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Edward Alfred Graham founded the British Company Alfred Graham & Co. Unfortunately, there exists very little information about this Company and its founder. According to some sources, Alfred Graham & Co. started its operations at the end of the 1880s, when the phone was only beginning to develop. At their factory in Halifax (Canada), they began to produce characteristic wall-mounted telephones for ships. There is not much information about these telephones either, most information coming from the archives on ship history or specialized catalogs.

The so-called marine telephones were significantly different from the usual models, as they were applied in a very specific environment. The constant vibration of the engines, as well as atmospheric corrosion (from salt in the air or from the ash or coal dust in the boiler) are obviously not conducive to good communication. Therefore it was necessary to improve these devices. Alfred Graham & Co. undertook this task.

Phones for vehicles were made ​​of heavy brass, which has high corrosion resistance. Parts of the casing had very close fitting that blocked salty air from infiltrating into the electrical parts. Phones used large diaphragms to ensure the highest possible level of sound. In noisy environments telephone receivers were equipped with special tubes to further enhance the sound. Alarm buzzers were also preferred.

To overcome the unreliability of a ship's power supply, Graham returned to the original Bell's sensor (electrodynamic model). For the Bell phone, with such a structure, the transmission range of sound was too limited, although the strength of the signal over short distances seemed quite adequate

In contrast, for marine communications systems this type of sensor, given the limited distance on the ship, was well suited. These sensors were reliable and were therefore an acceptable option on warships, where the battery might suffer damage during the combat. In 1898 most of the British fleet was equipped with Graham telephones.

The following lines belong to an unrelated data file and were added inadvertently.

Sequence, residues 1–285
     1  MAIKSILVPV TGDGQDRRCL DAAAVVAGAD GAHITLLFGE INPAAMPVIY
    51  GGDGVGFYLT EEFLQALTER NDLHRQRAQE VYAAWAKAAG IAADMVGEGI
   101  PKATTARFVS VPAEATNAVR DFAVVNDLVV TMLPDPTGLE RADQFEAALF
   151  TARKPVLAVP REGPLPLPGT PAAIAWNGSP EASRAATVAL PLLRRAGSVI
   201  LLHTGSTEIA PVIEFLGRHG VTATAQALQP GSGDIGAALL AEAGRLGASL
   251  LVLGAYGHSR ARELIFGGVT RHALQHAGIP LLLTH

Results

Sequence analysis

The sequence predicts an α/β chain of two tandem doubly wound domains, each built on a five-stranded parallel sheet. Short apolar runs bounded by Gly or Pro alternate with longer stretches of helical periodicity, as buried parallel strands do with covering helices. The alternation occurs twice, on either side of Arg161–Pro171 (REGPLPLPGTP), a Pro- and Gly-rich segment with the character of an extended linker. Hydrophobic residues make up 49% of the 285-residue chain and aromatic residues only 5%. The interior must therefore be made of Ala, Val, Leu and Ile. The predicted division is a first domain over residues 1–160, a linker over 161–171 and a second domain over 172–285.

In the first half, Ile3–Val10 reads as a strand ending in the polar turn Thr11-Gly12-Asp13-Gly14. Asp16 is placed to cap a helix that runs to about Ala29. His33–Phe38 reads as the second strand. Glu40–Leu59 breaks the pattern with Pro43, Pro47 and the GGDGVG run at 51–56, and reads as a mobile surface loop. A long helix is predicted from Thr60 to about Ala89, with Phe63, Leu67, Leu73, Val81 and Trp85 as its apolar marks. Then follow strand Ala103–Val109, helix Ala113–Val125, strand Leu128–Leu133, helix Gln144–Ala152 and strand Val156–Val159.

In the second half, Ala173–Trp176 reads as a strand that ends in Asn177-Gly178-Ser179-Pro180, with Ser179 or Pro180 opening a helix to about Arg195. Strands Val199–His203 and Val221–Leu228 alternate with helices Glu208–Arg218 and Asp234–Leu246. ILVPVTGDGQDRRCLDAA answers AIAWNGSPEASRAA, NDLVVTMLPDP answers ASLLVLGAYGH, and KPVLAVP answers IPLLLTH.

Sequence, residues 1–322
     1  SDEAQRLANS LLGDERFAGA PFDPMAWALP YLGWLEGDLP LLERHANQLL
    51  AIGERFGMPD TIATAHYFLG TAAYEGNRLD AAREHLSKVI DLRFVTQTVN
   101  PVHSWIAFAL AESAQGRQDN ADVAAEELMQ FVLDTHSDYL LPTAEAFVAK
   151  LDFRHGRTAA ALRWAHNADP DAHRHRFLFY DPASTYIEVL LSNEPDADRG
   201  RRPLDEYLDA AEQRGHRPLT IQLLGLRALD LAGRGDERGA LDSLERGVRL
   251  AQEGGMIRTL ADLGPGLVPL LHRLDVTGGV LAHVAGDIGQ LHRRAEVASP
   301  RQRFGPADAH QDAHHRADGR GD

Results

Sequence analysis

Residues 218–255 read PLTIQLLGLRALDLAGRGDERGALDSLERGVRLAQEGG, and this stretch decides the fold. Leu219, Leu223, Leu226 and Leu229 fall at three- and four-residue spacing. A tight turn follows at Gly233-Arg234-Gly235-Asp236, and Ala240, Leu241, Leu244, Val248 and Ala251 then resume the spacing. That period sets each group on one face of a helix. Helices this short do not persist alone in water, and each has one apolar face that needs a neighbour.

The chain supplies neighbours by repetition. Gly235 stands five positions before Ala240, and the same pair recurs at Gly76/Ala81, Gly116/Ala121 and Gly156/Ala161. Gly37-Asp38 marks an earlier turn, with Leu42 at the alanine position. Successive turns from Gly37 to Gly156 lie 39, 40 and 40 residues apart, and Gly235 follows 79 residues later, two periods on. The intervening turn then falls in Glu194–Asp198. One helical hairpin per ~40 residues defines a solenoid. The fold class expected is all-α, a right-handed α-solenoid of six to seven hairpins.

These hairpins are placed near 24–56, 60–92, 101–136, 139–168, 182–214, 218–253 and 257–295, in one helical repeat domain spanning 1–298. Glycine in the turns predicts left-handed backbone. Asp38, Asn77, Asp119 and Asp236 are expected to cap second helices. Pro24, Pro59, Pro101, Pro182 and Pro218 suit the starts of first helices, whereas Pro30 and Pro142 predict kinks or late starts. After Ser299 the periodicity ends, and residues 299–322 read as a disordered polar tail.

The Company prospered most during the period 1900-20, when there was an increase in the construction of large ships and warships. On many famous ships, not only the UK ones, Graham machines were used. The new plant, built in Brackley in 1911, helped to meet increased demand. And by 1919, the Graham Company could proudly claim that it produced devices that were installed on 12,000 ships.

By the end of the First World War, the Company was in a great financial position, but the decline in orders was inevitable. The number of contracts with warships dropped: those who remained in the service did not require re-equipment for many years. The Company needed a change of direction. In 1924 the head office moved to London.

The new firm Graham Amplion, established in 1920, began producing loudspeakers, phonographs, and later, its own wireless receivers. Branches were opened in the U.S. and Canada.

However, they continued to manufacture ship's communications systems.

With the end of World War II, during which business was not very successful, the story ended for Graham Amplion.